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Feel good news: six reasons to feel good this week

A local man donates a large sum of money to Fairfield schools in honor of his late wife plus five more stories that will brighten your day.

Posted on April 9, 2014 at 9:00 a.m.

1. Fairfield schools gets large gift from local man, in honor of of his late wife

Ernie Sailor donated $50,000 to Fairfield Community Schools in honor of his late wife Maxine Sailor, who graduated from Fairfield High School. The donation will fund a $2,000 scholarship that will be awarded to one senior each year. Sailor's financial advisor, Matt Syznal, said the gift will keep on giving through "diligent investing". 

2. Santa's Pantry raises money for Cub Scout Pack 762 after $5,000 theft

Santa's Pantry, a local non-profit, and the Pay it Forward 4-H Club held a chili fundraiser for Club Scout Pack 762, whose former cubmaster stole $5,000 from them. The event, which was held at Eastwood Elementary School, raised $676 for the cub scouts. Local cub scouts, restaurants, businesses and community leaders helped out by donating chili ingredients, plates, cutleries and money donations.

The group previously received $1,775 in donations after The Elkhart Truth published an article about how their former cubmaster Nicole Taylor stole a year's worth of funds that the group had raised selling popcorn. The money would have been used to purchase uniforms and pay for camp.

3. South Bend Police officer praised for rescuing person from fire

Police officer Aaron Brick is being praised for going into a burning building in South Bend and pulling a person out. Brick had spotted the house on fire on Saturday during a patrol near the 100 block of Birdsell Street. Both he and the victim are being treated for smoke inhalation. Brick had been with the South Bend Police Department for 14 years.

4. Kindness can happen even on the side of the road

Kelly Stack posted this message to the Elkhart Pays It Forward Facebook page:

"Just witnessed an amazing random act of kindness...Driving home we saw a woman sitting on the side of the road on her suitcases crying so we turned around so see if we could help, another good Samaritan stopped as well..the woman was stranded here from KY and her friends had kicked her out she had no phone or money... before I could even offer my phone for her to call someone the gentleman who's name was Mark offered to take her to his church and then get her a bus ticket home....it warms my heart to no end to see there are selfless people out there ...Bless you Mark and safe travels Candy...."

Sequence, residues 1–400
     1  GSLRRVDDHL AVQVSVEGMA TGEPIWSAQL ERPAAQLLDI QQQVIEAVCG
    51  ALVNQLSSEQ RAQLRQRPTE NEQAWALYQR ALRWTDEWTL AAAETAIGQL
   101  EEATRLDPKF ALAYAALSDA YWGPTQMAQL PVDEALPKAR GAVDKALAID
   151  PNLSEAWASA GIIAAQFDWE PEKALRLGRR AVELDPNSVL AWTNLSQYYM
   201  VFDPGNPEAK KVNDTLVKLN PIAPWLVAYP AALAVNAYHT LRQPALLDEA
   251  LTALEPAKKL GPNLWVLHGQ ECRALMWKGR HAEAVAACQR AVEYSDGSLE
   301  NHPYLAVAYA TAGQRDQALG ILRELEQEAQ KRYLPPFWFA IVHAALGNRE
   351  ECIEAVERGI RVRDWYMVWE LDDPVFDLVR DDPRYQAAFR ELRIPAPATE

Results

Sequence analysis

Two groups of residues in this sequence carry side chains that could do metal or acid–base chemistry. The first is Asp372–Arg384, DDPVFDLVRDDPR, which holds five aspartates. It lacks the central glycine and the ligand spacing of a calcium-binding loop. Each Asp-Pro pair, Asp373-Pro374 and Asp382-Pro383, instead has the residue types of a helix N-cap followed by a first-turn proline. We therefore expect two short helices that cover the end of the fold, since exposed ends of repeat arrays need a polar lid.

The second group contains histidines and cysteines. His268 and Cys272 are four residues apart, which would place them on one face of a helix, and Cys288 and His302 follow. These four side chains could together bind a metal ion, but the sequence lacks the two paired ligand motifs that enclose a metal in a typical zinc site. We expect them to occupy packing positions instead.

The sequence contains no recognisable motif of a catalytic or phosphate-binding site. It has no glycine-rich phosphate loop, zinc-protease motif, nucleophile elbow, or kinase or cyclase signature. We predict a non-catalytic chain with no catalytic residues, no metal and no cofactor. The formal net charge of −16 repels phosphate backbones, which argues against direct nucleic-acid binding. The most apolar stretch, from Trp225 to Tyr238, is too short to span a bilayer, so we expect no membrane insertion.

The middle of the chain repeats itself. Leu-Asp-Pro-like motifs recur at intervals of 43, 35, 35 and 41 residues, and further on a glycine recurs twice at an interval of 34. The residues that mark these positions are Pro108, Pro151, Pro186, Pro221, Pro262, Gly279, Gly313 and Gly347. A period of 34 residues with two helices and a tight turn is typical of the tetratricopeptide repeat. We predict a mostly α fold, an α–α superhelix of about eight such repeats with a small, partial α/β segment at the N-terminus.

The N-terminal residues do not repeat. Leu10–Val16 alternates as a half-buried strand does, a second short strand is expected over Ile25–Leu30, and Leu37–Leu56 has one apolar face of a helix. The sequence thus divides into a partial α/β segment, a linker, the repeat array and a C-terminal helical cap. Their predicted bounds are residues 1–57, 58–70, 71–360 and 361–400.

5. Elkhart native wins trips to Mexico, Italy and China on ‘The Price is Right’

The friends and family of Jessica Hardy gathered at Concord Mall on Tuesday, April 8, to watch her compete in an episode of game show "The Price is Right". While she didn't have much luck at the beginning of the episode, Hardy went on to win a trip to Cancun, Mexico; Rome, Italy; and Beijing, China. The episode was originally taped in February.

Hardy is currently living and working as an actor in Los Angeles. She said she was comfortable in front of the cameras because of her experience as an actor. Hardy, who also runs the Chicago Comedy Film Festival, happened to be in town because she was judging the Comedy Criminals improve competition this past weekend at the Elkhart Civic Center.

6. Autistic children receive help living, learning through ABA therapy

An Elkhart County family shared a story with The Elkhart Truth about how a local center and ABA therapy helped their autistic son. Basel Adawi was diagnosed with autism at the age of three. He went to public school for a while, but his inability to communicate and socialize made it difficult for him to learn.

His parents, Molly and Abdel Adawi, considered moving. However, they were concerned about the economy and whether Abdel Adawi would be able to find a job. That's when the Behavioral Analysis Center for Autism (BACA) entered the picture.

Molly Adawi saw a flyer for the center. They were opening a branch in Elkhart County and provided applied behavioral analysis (ABA), a one-on-one therapeutic approach that identifies behavior, attempts to identify their causes and designs way to change those behaviors through positive reinforcement.

Although there are still tough moments for the Adawi family, Basel is improving.

Do you have a positive story to share? Tell us in the comments below.




 FILE - In thie April 11, 2014 file photo, Former Connecticut Gov. John G. Rowland arrives at federal court in New Haven, Conn.   Rowland is due back in federal court as a criminal defendant, almost a decade after pleading guilty to political corruption. Rowland faces a conspiracy trial this time, accused of scheming to hide political consulting work for two campaigns. (AP Photo/Jessica Hill)

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